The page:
After noting the laudable reasons for which the montes pietatis were established (chapter 1), he explains that because the question at hand is one of moral philosophy, (34) arguments from canonical and civil authority should be left aside (chapter 2).
On Cajetan's analysis, all such defenses ultimately rely on appeal to damnum emergens (36) and, while Cajetan does allow for this in certain cases, the practices of the montes pietatis fall short of a just claim thereto.
Thus, Cajetan concludes that, since the montes pietatis observe neither commutative nor distributive justice, they must be judged usurious--thereby arriving at a conclusion far more conservative than that at which he arrived when dealing with monetary exchange.
Fourth, Cajetan's treatise On Charitable Pawnshops, which was remarkable for its objectivity and fairness, was an unequivocally conservative work that set a methodological high bar for discussion of the montes pietatis, clearly framing the issue in terms of either commutative or distributive justice and concluding that neither option could legitimate the practice.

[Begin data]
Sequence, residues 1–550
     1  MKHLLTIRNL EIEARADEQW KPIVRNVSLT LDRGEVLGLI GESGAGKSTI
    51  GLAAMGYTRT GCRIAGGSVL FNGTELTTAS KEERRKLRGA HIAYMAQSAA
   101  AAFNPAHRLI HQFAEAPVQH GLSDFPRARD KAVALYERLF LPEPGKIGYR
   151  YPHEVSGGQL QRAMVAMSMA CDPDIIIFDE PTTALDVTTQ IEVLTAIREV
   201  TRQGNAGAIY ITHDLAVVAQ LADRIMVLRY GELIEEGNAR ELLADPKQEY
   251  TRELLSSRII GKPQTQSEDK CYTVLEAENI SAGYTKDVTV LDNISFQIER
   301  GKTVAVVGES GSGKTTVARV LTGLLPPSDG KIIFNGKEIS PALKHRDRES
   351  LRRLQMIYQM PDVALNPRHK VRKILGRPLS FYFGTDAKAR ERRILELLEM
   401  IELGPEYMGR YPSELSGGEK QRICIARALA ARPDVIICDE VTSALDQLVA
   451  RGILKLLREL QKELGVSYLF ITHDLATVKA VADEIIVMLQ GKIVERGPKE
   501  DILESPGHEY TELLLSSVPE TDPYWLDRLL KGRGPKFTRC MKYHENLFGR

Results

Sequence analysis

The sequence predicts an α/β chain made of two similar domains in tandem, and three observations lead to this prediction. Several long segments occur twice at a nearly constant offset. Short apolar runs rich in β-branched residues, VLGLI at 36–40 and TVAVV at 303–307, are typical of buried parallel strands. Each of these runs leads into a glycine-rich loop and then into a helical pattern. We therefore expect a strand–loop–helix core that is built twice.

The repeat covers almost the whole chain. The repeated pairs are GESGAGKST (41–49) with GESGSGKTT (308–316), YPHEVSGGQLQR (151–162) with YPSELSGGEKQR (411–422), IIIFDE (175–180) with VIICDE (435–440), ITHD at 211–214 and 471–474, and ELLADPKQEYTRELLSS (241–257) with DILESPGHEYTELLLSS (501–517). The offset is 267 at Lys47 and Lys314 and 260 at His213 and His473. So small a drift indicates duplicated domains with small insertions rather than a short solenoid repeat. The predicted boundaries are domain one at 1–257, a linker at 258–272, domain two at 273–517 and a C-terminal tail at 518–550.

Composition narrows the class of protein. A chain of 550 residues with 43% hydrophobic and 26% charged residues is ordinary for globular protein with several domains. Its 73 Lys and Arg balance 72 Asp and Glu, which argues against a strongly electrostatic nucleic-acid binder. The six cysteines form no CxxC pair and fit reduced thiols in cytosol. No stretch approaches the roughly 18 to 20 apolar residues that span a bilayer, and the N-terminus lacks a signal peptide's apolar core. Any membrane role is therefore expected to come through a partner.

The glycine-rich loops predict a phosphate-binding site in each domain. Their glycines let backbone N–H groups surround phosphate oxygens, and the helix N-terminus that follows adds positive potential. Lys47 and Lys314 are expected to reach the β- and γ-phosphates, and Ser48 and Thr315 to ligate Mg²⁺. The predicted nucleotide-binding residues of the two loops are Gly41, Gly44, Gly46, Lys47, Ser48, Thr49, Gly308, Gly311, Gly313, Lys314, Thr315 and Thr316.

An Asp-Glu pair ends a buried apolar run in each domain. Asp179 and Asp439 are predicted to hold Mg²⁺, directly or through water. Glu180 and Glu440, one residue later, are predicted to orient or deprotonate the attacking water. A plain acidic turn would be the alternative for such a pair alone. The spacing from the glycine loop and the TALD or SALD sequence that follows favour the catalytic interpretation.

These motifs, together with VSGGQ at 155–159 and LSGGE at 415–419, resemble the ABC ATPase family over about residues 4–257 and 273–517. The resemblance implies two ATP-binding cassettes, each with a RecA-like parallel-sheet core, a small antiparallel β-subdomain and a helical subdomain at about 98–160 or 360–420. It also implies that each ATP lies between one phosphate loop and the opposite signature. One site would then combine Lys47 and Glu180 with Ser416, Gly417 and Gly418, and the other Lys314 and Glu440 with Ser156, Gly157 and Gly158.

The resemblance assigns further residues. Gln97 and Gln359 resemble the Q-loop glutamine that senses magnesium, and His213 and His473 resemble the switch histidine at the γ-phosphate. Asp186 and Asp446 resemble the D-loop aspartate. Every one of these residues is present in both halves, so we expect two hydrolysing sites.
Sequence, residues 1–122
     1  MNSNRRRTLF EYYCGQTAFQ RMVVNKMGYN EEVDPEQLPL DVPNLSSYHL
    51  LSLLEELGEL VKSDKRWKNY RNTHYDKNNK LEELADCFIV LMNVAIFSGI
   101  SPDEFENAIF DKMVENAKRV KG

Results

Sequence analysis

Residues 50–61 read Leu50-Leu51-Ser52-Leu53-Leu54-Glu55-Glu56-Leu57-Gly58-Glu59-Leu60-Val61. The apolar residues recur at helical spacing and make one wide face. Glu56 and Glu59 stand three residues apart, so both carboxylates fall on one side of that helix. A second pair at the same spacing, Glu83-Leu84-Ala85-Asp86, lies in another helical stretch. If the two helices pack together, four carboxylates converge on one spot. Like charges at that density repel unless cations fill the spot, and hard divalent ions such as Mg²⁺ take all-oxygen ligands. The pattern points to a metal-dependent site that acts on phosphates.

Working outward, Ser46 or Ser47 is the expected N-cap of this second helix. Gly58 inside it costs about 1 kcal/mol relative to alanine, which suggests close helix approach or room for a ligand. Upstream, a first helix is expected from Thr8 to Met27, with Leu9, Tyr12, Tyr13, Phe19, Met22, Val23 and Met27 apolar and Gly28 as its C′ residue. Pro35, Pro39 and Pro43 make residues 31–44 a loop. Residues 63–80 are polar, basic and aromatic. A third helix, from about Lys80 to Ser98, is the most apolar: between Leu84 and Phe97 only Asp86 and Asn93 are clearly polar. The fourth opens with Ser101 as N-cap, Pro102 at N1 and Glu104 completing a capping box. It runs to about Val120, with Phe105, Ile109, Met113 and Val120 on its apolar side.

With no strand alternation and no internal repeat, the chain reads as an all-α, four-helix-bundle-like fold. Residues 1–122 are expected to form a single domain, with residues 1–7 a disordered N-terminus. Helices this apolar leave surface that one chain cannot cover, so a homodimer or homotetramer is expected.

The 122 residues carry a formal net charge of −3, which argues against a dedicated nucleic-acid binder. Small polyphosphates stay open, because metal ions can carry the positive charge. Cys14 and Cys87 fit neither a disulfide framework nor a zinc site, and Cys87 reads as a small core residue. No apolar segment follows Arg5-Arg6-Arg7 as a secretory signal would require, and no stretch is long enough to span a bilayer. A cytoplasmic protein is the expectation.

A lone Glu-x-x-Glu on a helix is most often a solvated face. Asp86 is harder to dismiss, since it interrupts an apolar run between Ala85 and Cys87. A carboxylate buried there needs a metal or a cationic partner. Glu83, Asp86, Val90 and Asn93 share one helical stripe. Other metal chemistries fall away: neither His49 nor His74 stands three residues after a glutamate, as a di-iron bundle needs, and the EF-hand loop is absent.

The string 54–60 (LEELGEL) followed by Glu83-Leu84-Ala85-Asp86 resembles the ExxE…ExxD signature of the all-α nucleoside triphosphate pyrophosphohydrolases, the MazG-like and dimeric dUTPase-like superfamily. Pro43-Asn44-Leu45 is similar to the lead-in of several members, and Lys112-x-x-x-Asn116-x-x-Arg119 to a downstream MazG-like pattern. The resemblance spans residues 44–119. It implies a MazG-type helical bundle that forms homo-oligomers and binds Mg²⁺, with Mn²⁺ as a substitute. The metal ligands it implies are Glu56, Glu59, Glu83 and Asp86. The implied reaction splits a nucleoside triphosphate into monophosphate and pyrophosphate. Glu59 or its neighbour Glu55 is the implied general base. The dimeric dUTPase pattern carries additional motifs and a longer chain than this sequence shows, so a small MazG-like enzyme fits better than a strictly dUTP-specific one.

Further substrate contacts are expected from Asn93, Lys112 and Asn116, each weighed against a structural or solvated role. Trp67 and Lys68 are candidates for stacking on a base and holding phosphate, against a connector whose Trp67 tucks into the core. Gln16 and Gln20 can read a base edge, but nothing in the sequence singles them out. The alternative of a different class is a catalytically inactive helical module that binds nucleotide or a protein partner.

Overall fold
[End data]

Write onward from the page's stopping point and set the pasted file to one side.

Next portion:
Cajetan was also not afraid to follow those same Thomistic principles to profoundly conservative (and un-Austrian) conclusions--as he did when he condemned tout court, the montes pietatis in On Charitable Pawnshops.
A notable exception to this influence, however, was Cajetan's inability to prevent the Fifth Lateran Council's approbation of the montes pietatis.